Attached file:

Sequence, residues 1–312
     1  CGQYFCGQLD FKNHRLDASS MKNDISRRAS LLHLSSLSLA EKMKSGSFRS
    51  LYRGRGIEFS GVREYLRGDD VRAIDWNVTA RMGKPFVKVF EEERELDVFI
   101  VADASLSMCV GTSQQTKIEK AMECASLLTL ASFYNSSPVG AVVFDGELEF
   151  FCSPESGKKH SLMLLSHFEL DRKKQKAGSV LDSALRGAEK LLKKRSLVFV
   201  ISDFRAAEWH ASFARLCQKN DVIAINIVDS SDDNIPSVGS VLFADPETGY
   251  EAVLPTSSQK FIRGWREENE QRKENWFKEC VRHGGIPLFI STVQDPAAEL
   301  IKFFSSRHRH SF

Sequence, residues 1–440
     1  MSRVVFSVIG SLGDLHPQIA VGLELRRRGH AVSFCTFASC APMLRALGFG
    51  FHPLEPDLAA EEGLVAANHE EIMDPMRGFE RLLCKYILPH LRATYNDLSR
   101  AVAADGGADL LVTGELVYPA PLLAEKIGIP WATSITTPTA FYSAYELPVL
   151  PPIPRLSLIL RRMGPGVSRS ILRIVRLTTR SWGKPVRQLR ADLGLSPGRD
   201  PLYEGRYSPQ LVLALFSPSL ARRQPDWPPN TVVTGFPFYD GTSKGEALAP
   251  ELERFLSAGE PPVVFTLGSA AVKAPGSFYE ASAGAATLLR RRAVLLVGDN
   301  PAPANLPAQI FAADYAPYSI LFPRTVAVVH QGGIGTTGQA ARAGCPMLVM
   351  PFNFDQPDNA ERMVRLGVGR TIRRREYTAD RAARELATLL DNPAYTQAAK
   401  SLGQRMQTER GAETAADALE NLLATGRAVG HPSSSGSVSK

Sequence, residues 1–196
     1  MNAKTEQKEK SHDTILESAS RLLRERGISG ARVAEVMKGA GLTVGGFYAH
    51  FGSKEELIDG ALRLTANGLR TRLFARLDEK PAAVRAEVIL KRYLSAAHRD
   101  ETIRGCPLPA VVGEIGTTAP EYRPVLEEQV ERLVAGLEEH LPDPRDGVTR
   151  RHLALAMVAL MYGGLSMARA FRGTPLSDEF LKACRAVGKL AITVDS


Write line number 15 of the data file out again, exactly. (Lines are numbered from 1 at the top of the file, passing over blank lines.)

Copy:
   251  ELERFLSAGE PPVVFTLGSA AVKAPGSFYE ASAGAATLLR RRAVLLVGDN